Actions of neuropeptide Y and growth hormone secretagogues in the arcuate nucleus and ventromedial hypothalamic nucleus

Authors

  • Ekkasit Kumarnsit,

    1. School of Biomedical and Clinical Laboratory Sciences, College of Medical and Veterinary Sciences, The University of Edinburgh, Hugh Robson Building, George Square, Edinburgh EH8 9XD, UK
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  • Louise E. Johnstone,

    1. School of Biomedical and Clinical Laboratory Sciences, College of Medical and Veterinary Sciences, The University of Edinburgh, Hugh Robson Building, George Square, Edinburgh EH8 9XD, UK
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  • Gareth Leng

    1. School of Biomedical and Clinical Laboratory Sciences, College of Medical and Veterinary Sciences, The University of Edinburgh, Hugh Robson Building, George Square, Edinburgh EH8 9XD, UK
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: Professor Gareth Leng, as above.
E-mail: Gareth.Leng@ed.ac.uk

Abstract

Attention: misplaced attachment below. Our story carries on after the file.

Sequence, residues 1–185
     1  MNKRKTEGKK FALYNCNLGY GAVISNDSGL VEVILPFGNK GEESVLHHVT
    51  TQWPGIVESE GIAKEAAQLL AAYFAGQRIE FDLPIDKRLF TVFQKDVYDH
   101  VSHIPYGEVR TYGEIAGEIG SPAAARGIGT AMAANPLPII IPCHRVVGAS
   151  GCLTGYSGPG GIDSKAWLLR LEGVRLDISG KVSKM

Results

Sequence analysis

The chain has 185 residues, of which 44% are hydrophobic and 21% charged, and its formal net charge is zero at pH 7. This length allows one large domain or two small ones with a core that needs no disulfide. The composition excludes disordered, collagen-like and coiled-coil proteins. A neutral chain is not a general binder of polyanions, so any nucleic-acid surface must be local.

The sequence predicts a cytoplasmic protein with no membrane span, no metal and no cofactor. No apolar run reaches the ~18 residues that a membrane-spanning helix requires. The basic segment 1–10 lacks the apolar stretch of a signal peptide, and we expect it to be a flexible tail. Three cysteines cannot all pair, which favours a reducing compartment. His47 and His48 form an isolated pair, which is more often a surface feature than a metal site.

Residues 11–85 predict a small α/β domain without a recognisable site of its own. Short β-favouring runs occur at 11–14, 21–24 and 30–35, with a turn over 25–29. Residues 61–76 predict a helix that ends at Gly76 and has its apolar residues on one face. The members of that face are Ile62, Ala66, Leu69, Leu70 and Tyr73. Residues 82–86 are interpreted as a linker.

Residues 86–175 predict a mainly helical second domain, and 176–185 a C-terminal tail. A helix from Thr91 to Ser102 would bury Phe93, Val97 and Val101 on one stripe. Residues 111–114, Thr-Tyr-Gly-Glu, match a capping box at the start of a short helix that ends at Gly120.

Systemic or central administration of growth-hormone secretagogues (GHS) induces dense Fos expression in the arcuate nucleus but little or no Fos expression in the ventromedial hypothalamic nucleus, although both sites show intense expression of mRNA for the GHS receptor. Here, we recorded the electrical activity of single neurons from the arcuate nucleus and from the ventromedial hypothalamic nucleus in a rat hypothalamic slice preparation, and compared responses of these two populations to GHS. At both sites, the predominant neuronal response to GHS was a long-lasting excitation, indicating that GHS receptors at both sites are functional and similarly coupled to electrical excitation. We also tested neurons at both sites for their responses to neuropeptide Y and to somatostatin; at both sites the predominant response to each of these peptides was inhibitory. The arcuate cells that are activated by GHS include neuropeptide Y cells and growth hormone-releasing hormone cells. It seems possible that neuropeptide Y released in the ventromedial hypothalamus from the terminals of arcuate neurons counteracts the activation of ventromedial hypothalamic neurons by GHS in vivo, or that somatostatin released following liberation of growth hormone may do so.

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